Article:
Light Feet & Loving Life: Margie Engle’s Indigo

Margie Engle with Indigo, February 7, 2017. All photos ©Tori Repole

It’s a little after 8:30am at Gladewinds Farm in Wellington, Florida, and Margie Engle is already on her third ride of the day. Next to the arena in a 30-stall barn with white walls and hunter green shutters, a grey face is looking out of the second stall on the left hand side, waiting for his turn.

To the uninformed eye, 17-year-old Indigo (Indoctro x Unknown) looks like any other horse. But, far from slowing down and bracing for retirement, this Dutch Warmblood gelding has lost none of his scope and quickness, as proven by his recent 2nd place finish in the $86,000 Marshall and Sterling Grand Prix CSI2* at the Winter Equestrian Festival.

With breakfast long finished, Engle’s groom and manager Bernie is setting the feed for lunch. On a normal day, Indigo, who stands at 16.3, is turned out right after breakfast. He loves being outside more than anything.

“He loves his turnout and he’ll nap under the overhang and whenever he’s ready to come in he just walks up to the gate. He makes his own schedule,” Bernie says. “He’s so high energy, so when has a show break I try to keep him really chilled out. I like to keep him in a routine at home and let him be a horse. He’s very sharp and he always has to move, so he hates being stuck in a stall at a show, especially if there are no windows. I always try to hand walk him to keep him entertained.”

In the cross ties he’s very well behaved, and he loves being brushed and scratched with the currycomb. His saddle pad sports the Miami Dolphins logo, in a nod to Engle’s partnership with one of the team’s owners. Indigo is Engle’s most veteran partner; in 2012 they topped the Olympic Trials for the United States Show Jumping Team, and they’ve appeared in two FEI World Cup Jumping Finals together, in 2011, and 2012. Since then, Indigo has racked up top placings around North American with Engle.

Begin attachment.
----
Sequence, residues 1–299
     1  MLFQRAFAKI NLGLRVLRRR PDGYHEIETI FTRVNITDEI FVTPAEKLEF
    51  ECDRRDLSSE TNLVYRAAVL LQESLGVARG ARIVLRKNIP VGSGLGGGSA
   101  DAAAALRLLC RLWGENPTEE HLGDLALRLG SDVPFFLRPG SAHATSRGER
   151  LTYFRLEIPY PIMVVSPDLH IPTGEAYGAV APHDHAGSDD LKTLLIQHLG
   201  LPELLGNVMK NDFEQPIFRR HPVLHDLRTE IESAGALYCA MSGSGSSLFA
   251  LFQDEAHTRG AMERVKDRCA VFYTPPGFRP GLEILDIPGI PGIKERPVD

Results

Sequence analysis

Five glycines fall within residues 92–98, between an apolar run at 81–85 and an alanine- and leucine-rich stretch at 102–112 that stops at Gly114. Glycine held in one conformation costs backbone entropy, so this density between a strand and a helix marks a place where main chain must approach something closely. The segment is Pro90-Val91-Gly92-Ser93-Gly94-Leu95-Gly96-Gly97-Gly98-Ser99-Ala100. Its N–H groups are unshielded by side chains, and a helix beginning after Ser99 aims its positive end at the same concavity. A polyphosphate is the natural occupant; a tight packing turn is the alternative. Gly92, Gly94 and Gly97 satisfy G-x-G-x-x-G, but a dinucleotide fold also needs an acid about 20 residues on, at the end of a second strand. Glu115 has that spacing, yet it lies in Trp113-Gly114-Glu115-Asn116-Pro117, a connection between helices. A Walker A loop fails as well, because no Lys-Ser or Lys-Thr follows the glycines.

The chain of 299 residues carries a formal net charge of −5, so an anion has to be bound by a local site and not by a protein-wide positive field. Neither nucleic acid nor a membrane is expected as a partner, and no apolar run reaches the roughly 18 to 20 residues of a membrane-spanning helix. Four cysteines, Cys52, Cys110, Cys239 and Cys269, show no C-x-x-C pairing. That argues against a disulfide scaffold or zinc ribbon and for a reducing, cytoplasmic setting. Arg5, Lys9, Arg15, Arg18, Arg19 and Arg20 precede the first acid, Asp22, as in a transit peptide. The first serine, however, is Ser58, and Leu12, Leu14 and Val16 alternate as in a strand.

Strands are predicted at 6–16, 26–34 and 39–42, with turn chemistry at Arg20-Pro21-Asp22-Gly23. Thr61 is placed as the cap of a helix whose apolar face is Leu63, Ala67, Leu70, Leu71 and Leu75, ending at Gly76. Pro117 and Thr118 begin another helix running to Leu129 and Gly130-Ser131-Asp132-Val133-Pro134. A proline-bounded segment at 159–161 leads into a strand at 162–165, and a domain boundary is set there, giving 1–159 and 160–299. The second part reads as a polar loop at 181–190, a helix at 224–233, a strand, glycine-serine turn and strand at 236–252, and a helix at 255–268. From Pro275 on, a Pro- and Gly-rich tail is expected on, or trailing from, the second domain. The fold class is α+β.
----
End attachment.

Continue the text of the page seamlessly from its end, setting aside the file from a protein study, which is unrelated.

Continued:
As he’s aged, his condition has remained flawless, and carefully managed by Engle and her team.

“For the most part he just does flatwork, and if he shows a lot we don’t school him at home,” said Bernie. “He knows his game and he’s a total pro in the ring. If he has a long show break we school him a little over jumps, but he doesn’t really jump at home. He’ll just warm up in the ring before a show.”

On “do what you want Tuesday,” there is no high impact work in sight for Indigo, so following a 30 minute hand walking session that allowed him to see the sights and graze on the well kept lawn, he is tacked up for light flatwork in the field with Bernie, followed by a trail ride down the road.

When Engle meets up with Indigo and Bernie, she sketches her plan for the season for him. This will be their seventh year together.

“He has a break now,” Engle says. “I may go to Ocala with him the week after next, but WEF is very demanding and we have a lot of horses so he has a light schedule. I don’t overshow him. He’s really earned his keep and he has a huge heart, and I want to keep that in him.”

As for talks of retirement, don’t count out Indigo anytime soon.

“He enjoys his job and he loves jumping,” Engle says. “He goes to he horse show and grows about another foot. You have to hold him back, as he wants to go all the time. He’s so light in his feet and he really loves life and never seems to get tired, so he won’t be retired until he tells me that he wants to be.”

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